Josh Marshall adds to the buzz about the “embarrassingly lame” Democratic slogans “A New Direction for America” and “Together, America Can Do Better.” Says Marshall in today’s TPM post:
…Newt Gingrich was so on the mark, ironically, when he suggested the Democrats’ slogan should be “Had Enough?” (As a way of understanding Gingrich’s particular genius, consider that “Had Enough?” and “A New Direction for America” are actually two ways of saying the exact same thing — with the first forceful and infectious and the second limp and denatured.) Everything else the election is allegedly about is chatter. The details are so many fine points about making the sale, framing the question. And, yes, those are important. But that is the question. And nothing the geniuses on either side do will change that from being the question.
All polls point to “yes” being the answer to the question. But Marshall makes another point worth noting:
Political insiders consistently overstate the importance of slogans and programs. Political tides aren’t unleashed or weathered because of message discipline or thematic fine-tuning. They come about because of failures or victories abroad, big motions in the economy, or judgments coalescing in the public mind in ways that are as inscrutable in their origins as they can be transparent in their effects.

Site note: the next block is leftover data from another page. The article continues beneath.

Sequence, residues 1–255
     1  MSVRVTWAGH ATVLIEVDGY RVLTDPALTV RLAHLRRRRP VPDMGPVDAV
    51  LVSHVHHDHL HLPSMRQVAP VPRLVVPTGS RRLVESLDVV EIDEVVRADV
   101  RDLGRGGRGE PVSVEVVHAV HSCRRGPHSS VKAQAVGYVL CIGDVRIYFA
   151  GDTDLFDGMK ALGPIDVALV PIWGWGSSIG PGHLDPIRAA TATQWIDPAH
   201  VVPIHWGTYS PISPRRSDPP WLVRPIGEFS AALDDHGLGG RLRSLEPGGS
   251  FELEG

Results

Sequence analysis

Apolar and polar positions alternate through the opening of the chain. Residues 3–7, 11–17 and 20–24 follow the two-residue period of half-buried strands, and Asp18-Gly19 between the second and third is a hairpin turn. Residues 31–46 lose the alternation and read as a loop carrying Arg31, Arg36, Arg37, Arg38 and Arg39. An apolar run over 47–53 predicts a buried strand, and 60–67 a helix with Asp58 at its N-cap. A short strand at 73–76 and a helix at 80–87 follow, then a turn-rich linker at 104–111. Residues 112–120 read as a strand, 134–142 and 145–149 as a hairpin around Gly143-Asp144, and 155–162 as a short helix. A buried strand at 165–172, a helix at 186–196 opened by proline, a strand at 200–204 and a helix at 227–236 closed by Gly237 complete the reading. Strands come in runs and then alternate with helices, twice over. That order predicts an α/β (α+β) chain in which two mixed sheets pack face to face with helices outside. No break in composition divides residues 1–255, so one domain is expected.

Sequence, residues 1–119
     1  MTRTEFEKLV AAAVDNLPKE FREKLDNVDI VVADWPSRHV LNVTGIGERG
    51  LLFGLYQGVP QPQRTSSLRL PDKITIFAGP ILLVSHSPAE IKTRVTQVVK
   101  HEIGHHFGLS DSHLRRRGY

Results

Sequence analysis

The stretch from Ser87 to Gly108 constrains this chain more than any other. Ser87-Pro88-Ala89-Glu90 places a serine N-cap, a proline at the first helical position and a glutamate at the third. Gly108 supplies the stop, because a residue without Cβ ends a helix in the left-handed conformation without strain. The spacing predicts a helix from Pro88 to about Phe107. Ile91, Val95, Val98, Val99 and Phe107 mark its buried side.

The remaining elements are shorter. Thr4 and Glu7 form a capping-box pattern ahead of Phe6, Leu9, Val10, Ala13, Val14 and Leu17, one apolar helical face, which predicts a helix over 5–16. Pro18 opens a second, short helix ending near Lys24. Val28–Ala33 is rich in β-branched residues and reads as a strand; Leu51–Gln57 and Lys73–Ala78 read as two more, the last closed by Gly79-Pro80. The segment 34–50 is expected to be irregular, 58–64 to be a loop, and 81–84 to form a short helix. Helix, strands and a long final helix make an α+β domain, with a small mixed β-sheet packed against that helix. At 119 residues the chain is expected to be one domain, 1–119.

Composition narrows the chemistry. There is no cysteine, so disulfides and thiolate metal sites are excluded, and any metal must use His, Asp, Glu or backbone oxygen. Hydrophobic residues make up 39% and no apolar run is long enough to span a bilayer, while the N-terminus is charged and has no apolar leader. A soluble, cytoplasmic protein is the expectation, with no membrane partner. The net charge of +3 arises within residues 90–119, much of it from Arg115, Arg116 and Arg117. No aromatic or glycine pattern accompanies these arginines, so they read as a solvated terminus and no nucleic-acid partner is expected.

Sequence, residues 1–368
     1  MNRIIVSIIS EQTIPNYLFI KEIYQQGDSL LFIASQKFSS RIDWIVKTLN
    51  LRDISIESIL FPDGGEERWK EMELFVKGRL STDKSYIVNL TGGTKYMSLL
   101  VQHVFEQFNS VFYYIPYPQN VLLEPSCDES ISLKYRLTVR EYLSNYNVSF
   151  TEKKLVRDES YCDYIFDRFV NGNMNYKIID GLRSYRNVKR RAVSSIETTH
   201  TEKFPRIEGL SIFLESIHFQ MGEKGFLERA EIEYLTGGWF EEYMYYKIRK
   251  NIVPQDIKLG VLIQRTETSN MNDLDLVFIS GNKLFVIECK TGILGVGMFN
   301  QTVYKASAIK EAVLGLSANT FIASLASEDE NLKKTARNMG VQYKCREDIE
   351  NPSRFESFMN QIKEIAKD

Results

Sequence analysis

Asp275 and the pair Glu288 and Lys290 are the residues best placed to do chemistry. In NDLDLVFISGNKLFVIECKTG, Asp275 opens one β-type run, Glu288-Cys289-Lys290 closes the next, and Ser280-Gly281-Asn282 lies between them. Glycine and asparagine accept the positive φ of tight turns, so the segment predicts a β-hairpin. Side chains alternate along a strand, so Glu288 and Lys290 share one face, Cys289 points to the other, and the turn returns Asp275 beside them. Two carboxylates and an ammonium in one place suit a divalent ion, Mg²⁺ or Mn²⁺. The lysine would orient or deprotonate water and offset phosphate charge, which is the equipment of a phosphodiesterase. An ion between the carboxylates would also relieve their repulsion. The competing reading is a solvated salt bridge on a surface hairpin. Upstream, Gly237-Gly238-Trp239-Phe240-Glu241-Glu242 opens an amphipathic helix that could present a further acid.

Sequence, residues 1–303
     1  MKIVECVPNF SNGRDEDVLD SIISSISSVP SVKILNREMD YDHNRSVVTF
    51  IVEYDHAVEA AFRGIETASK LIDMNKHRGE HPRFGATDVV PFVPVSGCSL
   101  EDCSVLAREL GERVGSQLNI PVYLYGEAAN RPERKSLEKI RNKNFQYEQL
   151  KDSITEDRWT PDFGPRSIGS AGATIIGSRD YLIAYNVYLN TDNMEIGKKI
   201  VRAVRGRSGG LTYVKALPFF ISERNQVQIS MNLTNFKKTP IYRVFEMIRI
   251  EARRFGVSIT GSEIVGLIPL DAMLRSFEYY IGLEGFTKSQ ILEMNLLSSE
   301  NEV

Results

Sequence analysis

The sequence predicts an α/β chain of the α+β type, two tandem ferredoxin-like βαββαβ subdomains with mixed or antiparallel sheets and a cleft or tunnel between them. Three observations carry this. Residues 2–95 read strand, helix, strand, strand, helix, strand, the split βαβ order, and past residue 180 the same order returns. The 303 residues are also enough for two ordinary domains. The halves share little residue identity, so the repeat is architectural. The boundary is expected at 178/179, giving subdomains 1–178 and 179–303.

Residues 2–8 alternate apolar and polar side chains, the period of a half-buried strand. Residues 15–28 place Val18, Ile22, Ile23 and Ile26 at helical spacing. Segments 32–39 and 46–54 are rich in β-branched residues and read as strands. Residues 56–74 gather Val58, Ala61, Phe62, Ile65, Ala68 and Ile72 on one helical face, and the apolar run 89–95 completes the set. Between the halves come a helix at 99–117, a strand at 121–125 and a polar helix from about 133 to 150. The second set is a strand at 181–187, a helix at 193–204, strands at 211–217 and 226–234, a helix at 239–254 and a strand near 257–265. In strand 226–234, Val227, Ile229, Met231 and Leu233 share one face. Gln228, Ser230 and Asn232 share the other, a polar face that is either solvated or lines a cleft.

The thing to do with a weak theme, Marshall argues quite convincingly, is to ignore it and focus on what’s important:
So, yes, the new theme is dopey and flaccid. But the only thing worse than that would be getting too upset about it. On the Democratic side, the punch of this election is going to come from individual candidates willing to be fiercely candid with voters and fight Republicans tooth and nail.
Let’s be honest. What is this election about?
It’s not about the Democrats. 2008 may be about the Democrats. Maybe 2010. Not 2006. 2006 is about George W. Bush and the Republican party. And, specifically, how many people are fed up with what’s happened over the last six years and want to make a change? The constitution gives the people only one way to do that in 2006 — put a hard brake on the president’s power by turning one or both houses of Congress over to the opposition party.
Marshall is right that it’s time for Dems to get past the hand-wringing about message and anxiety about image. We just don’t have the time left for more navel-gazing. With less than five months to go, it’s time to get voters focused on answering the big question, “Had enough?” — and mobilizing a record mid-term turnout to answer “Hell, Yes!”.